I’m unwilling to blame the media for destroying our society, but it’s not helping. Unfortunately, getting a conservative to go to journalism school is nearly impossible. Getting the conservative through journalism school without changing majors, getting them to look for a job in journalism (it’s hard to find one), then getting them to take a job in journalism, getting them to keep a good post, and getting them to stay in the profession are harder and harder still. It’s frustrating because they pay’s terrible, the frustration super-high, and most conservatives aren’t very idealistic so they tend not to feel like they’re making a difference. If you’re not going to make a difference, might as well get a job that pays well. Or go to work for a conservative publication that leans just as hard to the right and is ultimately just as unreasonable. (The Washington Times infuriates me nearly as much as the ultraliberal St. Louis Post-Dispatch.) The result: a poorly balanced media.
From: Tom Gatermann ( email@example.com )
Hey you know one thing about guns and those kids at Columbine is, that gun laws don’t work. Those kids weren’t supposed to be able to get guns at all at their age. I don’t support gun laws myself as you know. I wouldn’t own a gun personally at this juncture in my life, but I wouldn’t tell another law abiding citizen he/she couldn’t.
I also would have to say that your editor’s opinion of a Constitutional amendment being bull—- is way out there in Communist world! Since when did constitutional amendments become a joke? Especially one of main ones on the Bill of Rights!!!! Isn’t that the kind of talk that the Amendments are supposed to protect us from? Heck, we might as well start taxing tea again.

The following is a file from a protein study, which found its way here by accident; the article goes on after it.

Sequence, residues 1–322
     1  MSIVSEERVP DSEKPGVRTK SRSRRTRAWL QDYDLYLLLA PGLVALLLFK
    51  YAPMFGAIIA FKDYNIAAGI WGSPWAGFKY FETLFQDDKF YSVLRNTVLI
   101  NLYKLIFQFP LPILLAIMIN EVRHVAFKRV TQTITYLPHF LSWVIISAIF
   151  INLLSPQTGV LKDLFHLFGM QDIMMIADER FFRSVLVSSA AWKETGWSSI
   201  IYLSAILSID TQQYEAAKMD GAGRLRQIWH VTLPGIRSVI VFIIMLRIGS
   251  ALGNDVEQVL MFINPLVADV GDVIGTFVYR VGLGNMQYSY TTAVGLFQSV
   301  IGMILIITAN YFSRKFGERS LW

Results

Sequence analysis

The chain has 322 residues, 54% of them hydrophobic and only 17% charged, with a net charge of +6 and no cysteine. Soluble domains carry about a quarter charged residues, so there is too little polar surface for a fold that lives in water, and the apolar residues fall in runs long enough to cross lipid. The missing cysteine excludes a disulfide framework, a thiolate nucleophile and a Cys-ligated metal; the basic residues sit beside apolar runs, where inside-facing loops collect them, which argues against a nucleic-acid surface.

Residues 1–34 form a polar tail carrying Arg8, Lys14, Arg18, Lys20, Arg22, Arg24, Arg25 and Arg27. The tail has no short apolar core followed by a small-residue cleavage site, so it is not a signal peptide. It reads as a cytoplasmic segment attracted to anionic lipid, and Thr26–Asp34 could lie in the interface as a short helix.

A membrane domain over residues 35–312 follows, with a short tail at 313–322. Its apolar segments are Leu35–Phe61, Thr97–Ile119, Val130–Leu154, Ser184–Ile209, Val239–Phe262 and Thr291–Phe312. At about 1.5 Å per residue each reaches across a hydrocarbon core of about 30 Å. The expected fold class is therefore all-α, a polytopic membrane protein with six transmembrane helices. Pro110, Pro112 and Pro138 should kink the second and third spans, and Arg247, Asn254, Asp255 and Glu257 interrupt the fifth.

That’s precisely why a Constitutional amendment can only be overturned by a later amendment, or by changing judicial interpretation of it. The latter is more likely, but fortunately that’s a fairly slow process too and the political pendulum swings enough that the courts don’t swing too terribly badly.
I wouldn’t call that idea Communist, but it’s far too authoritarian for my comfort level. The Constitution protects that kind of talk, but gridlock protects us against it by making it difficult to make it anything more than talk (that’s what’s dangerous after all).
I don’t think new gun laws will make much difference because we don’t even enforce the ones we have. The evil John Ashcroft has said as much; he’s said he’ll enforce the ones on the books, which hasn’t happened for years. So maybe now we have a fighting chance of finding out whether gun laws work. It’s a good strategy I think.
From: J H Ricketson ( firstname.lastname@example.org )
Superb. You may have missed your calling. You perhaps should be a politician – except that is precluded because you are honest.
Or a pastor.
Even a practicing agnostic such as I find much of value in what you have to say. Please – post more of such thoughts as often as you feel called to do so. They are that precious thing: something that causes me to think, and review my thoughts. Very welcome in my world. There is more to our world than mere high tech. I think most, if not all, Daynoters, distinguish ourselves by this realization (as opposed to pure Tech such a Tom’s MoBo, Ars Technica, etc.) Makes for interesting reading and a unique collective POV, IMO
Politician? Except I can’t stand most politicians. John Ashcroft’s fine. Mel Hancock (former Missouri representative and gubernatorial candidate) is great, and actually fun to talk to. Jim Talent (another former Missouri representative and gubernatorial candidate, also mentioned for a possible cabinet position) is pretty personable and friendly, but not as much fun as Hancock. Todd Akin (who took Talent’s seat in the House) is great. Not as funny as Hancock, but that may be because he’s so much younger. Kit Bond (Missouri senator) is fine as long as you’re on his side. You don’t want to cross him. Kenny Hulshof (Missouri representative) is a pretty nice guy. But of the couple dozen politicians I’ve met, I think those six are the only ones I’d be willing to sit down and talk with at any length.
And as for being a pastor, the only thing worse than state politics is church politics. I haven’t written off that possibility (indeed, I’m honing my skills in case I need them), but I won’t act on it until I’m married and older. I’ve seen what happens to people my age who go into full-time ministry.
In the meantime, this stuff causes spikes in traffic, but the computer talk is what keeps people coming back so I’ll maintain my focus there.
Thanks for your thoughts, of course.
From: Bruce Edwards ( email@example.com )
All I can see regarding your long piece referenced in the subject line is –
An excellent job – you hit the nail on the head. Keep up the good work,
From: Sharon A. Black ( firstname.lastname@example.org )